What would be the disadvantages of allowing a user to travel to China (business trip) using a domain-joined corporate Windows PC as opposed to a non-domain-joined PC?


On a domain-member PC: There are cached credentials of one (or more) administrators on the device. There are also cached credentials of any users that have logged into the device. There may be other cached credentials such as mapped drives, etc. on the device. Contents of My Documents, etc. may contain sensitive corporate information that has accumulated over time. An insider (while unlikely) could cripple the organization and/or cause great harm (ahem, Snowden...). These credentials and data can be "confiscated" during a customs inspection or while the user is (for whatever reason) separated from their device.

On a stand-alone PC: A freshly-prepared laptop with only the required data contents will be immeasurably more prudent for a traveler to any foreign country (not just China) from the standpoint of possible corporate or government espionage. Additionally, if the user is an insider the content they can steal will be limited to that of what the administrators prepared during the provisioning process.

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    Credential caching can be disabled. – Lucas Kauffman Dec 23 '14 at 17:13

It's hard to find any reason why it would be advantageous to sending someone with a non-domain joined PC as opposed to a domain joined PC.

Domain joining a PC has several distinct advantages

  • Administrator can control update policies to software and anti-virus
  • Administrators can control firewall settings and VPN tunnels / routing
  • Policies of all sorts can be forced upon the machine easily and centrally administered (admittedly this can be done with some MDM's)
  • Full Disk Encryption can be enforced on the PC

I'm not sure why you would think there is any security disadvantage to this machine being domain joined.

SIDE NOTE : Simply working on the Internet in China poses no additional threat to your system than anywhere else in the world. I'm not sure why people have the misconception that as soon as your laptop hits the Internet in China it will be infected with MalWare. Keep your PC locked, don't hand it over to anyone without witnessing what they're doing to it and pay attention to certificate errors and you (or your employee) should be fine.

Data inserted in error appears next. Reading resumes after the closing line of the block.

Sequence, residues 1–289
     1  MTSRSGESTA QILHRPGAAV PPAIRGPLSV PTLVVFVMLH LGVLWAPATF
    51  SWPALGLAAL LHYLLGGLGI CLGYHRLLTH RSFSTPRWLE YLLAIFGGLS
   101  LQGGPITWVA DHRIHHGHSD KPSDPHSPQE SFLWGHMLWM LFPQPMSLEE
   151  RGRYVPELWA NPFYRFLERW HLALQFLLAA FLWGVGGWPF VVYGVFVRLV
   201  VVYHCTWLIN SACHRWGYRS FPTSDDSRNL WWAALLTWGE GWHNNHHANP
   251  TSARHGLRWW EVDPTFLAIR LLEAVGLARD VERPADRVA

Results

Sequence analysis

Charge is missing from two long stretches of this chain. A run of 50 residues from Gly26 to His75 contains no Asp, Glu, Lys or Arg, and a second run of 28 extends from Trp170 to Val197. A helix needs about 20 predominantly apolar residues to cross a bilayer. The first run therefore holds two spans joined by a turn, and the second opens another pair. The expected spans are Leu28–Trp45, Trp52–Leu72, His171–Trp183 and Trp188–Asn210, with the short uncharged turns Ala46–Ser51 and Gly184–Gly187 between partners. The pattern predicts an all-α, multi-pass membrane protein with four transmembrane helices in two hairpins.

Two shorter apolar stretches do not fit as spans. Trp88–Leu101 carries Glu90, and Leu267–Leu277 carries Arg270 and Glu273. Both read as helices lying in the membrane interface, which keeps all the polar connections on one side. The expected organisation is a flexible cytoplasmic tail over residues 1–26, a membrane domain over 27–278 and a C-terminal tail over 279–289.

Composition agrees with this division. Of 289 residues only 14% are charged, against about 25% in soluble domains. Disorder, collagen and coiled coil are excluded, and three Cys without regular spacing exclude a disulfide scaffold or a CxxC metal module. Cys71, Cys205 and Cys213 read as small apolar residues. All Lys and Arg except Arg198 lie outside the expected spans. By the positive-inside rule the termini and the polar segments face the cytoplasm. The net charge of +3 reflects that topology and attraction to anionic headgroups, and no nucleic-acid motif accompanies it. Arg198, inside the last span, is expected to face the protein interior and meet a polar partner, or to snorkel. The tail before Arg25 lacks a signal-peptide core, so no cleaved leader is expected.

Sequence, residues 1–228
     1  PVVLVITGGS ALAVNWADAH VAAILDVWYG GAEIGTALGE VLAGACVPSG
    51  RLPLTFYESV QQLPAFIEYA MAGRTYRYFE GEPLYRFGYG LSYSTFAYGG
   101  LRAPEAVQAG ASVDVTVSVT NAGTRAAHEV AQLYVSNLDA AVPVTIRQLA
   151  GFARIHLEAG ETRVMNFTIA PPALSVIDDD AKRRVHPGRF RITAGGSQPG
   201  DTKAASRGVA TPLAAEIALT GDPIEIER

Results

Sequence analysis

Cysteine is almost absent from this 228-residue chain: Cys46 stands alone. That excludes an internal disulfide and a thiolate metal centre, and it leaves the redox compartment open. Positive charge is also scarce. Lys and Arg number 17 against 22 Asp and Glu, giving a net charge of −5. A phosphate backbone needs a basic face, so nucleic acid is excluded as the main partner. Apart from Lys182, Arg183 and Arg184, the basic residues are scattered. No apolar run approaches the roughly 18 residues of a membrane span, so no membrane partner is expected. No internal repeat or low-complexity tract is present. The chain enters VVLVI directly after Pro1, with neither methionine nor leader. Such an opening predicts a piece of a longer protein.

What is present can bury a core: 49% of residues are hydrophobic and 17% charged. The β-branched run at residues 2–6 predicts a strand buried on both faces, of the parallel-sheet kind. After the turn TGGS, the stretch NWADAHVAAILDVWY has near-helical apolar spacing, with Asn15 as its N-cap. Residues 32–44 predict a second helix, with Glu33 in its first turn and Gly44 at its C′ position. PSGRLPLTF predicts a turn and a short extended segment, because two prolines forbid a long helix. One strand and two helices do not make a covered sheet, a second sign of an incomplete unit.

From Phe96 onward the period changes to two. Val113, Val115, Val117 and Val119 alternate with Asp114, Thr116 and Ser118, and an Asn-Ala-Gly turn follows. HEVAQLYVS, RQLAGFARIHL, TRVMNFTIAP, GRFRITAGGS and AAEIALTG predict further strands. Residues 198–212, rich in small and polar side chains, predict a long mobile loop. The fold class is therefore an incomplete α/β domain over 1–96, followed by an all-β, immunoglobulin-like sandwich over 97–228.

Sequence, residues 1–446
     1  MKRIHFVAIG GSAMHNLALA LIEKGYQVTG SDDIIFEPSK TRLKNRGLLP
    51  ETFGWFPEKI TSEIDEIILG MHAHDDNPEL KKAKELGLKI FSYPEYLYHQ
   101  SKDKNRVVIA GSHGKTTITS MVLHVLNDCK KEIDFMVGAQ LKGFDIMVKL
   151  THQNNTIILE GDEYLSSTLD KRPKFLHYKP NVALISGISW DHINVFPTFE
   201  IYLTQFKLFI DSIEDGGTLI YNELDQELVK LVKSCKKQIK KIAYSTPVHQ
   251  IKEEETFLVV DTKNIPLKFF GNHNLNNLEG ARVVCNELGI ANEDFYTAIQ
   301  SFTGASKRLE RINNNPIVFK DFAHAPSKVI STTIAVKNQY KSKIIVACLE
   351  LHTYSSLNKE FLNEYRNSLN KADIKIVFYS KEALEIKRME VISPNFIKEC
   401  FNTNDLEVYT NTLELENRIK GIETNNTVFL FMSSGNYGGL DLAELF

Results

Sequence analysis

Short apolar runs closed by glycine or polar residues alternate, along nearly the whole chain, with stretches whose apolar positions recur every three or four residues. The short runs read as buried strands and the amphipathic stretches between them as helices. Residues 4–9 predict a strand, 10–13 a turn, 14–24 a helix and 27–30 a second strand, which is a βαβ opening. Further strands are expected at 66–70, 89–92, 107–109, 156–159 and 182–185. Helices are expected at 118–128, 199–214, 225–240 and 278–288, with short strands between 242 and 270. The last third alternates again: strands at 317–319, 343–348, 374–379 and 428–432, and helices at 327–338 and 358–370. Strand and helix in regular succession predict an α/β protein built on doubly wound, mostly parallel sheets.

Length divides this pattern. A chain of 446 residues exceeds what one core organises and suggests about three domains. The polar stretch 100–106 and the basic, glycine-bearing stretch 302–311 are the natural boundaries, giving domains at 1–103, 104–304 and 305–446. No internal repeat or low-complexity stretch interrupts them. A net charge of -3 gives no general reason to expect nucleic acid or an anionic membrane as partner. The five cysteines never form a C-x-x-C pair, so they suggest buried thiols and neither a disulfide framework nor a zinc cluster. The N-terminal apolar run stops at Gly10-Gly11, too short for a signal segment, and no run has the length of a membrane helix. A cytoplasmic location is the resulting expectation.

• Small remark to your sidenote: Paying attention to certificate errors is a good point, but if your browsers trusts Chinese CA's then you might have a problem (e.g. en.greatfire.org/blog/2014/oct/…). The risk for a government-sponsored MITM attack is an additional threat that might happen in China. – Michael Dec 23 '14 at 16:15
  • Also, you make the assumption that you have a choice in whether or not you can witness what they do to your laptop. – RoraΖ Dec 23 '14 at 17:15
  • I non-concur with your "SIDE NOTE" assertion. What grounds do you base your statement that there is, effectively, a net-zero Internet-access risk differential between given geographical locations? – Nick Dec 23 '14 at 19:17
  • @Nick You've twisted my words. I said that the country of China does not introduce threats you wouldn't see elsewhere, not that the risk is exactly the in each geographical area. That is, if you think that you're only going to face malice in China (even if it happens to be state sponsored) then you would be mistaken. – DKNUCKLES Dec 23 '14 at 20:55
  • @DKNUCKLES Your rebuttal is the same thing. There are different threats that are unique to connecting to the Internet in China than there are elsewhere in the world. Would you also say that (if it were even possible to do so) connecting your laptop to the Internet in North Korea would pose no difference in potential threats than elsewhere in the world? What about plugging into the Internet at a cyber cafe in Nigeria? Or connecting your laptop to the Internet at a cyber-security conference such as BlackHat? Your premise is fallacious, that's all I'm saying. – Nick Dec 23 '14 at 21:03

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